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Wednesday, September 05, 2012

State Supreme Court Lets Veto Ruling on Overnight Camping Stand

• Conservancy Honcho Vows to Continue Fight for Increased Public Access to SMMC Property

BY BILL KOENEKER

The attorneys for the City of Malibu and the Santa Monica Mountains Conservancy were working overtime as they both sent out press releases last week on the California Supreme Court letting stand an appellate decision in favor of Malibu in a lawsuit over what the municipality called “forced amendments to Malibu Local Coastal Program,” and what the SMMC called “the court’s denial of petition for review and request for depublication in the City Of Malibu versus the California Coastal Commission, Santa Monica Mountains Conservancy et al.”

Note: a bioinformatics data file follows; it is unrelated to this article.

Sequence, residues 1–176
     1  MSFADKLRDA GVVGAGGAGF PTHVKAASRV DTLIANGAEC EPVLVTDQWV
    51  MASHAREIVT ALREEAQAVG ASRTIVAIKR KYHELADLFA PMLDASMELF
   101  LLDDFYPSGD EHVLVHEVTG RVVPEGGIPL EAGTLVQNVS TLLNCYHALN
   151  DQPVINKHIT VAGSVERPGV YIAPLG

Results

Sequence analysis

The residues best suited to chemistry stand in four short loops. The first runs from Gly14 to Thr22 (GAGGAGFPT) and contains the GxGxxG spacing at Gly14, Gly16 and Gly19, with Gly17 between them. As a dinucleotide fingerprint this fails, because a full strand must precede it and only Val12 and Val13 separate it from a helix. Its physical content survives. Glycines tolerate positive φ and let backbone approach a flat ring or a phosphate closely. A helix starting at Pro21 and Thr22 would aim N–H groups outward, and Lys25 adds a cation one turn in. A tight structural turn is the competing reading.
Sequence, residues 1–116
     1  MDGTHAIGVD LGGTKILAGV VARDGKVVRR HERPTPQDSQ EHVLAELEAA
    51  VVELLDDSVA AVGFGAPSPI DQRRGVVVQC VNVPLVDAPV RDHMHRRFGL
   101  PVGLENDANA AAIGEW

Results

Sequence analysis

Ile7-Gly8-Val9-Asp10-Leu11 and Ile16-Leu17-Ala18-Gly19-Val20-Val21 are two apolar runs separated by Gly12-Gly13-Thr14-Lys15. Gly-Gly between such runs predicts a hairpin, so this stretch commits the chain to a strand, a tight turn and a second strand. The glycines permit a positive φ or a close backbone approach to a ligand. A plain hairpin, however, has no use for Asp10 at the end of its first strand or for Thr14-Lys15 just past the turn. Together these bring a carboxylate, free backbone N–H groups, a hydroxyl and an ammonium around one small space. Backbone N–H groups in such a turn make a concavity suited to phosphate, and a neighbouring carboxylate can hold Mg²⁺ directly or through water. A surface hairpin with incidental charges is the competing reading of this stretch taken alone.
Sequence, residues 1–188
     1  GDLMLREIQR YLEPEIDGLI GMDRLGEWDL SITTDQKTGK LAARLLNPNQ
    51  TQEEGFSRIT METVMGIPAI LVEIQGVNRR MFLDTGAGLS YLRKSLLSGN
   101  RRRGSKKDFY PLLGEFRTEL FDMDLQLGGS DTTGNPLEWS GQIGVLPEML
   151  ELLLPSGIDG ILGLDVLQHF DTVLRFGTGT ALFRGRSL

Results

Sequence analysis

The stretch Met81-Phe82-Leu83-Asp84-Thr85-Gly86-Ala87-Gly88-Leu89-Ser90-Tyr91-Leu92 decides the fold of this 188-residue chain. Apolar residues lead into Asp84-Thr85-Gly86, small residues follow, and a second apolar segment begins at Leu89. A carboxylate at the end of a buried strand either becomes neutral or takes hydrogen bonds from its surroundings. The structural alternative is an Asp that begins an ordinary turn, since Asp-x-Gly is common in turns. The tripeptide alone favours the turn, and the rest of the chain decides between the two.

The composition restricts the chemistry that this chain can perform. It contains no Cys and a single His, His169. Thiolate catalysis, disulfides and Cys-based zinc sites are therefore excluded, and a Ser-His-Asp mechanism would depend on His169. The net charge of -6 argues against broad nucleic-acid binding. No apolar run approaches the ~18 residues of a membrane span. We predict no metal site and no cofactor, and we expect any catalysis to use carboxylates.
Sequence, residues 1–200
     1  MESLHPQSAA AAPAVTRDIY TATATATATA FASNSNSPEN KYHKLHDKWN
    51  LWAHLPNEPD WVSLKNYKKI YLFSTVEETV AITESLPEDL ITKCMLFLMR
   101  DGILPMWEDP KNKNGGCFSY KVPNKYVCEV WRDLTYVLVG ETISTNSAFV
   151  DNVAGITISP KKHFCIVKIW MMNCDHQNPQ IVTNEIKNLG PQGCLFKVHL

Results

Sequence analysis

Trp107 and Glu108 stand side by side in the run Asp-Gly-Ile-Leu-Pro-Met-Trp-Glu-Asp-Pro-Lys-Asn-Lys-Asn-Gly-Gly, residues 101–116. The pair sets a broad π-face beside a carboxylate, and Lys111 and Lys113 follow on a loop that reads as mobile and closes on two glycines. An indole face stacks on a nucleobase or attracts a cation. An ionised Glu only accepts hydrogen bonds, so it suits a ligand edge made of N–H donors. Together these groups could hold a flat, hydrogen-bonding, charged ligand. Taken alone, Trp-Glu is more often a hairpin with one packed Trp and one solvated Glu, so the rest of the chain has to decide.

SMMC Executive Director Joe Edmiston said, “Public access for the tens of millions of dollars worth of parkland acquired for all the people of California is not a fight we will give up on.”
The statement by the Conservancy indicated that Chief Staff Counsel Laurie Collins “will refile the plan that the Coastal Commission has previously approved, in compliance with the lower court’s decision.”
City Attorney Christi Hogin said that the appellate court held that the Coastal Commission’s actions were beyond the power of the commission, and the state Supreme Court denied petitions filed by the coastal agency and the SMMC seeking review of that decision of the appellate court in favor of Malibu.
“Over the city’s objections, the Coastal Commission approved an LCP amendment in 2009 to accommodate the SMMC/MRCA proposed ‘Malibu Parks Public Access Enhancement Plan.’
That plan amounts to a mini-LCP which would establish different uses and standards for Conservancy-owned property in Malibu than for all other property in Malibu and was particularly controversial for proposing overnight camp grounds in high fire danger box canyons,” Hogin noted in the city’s press release.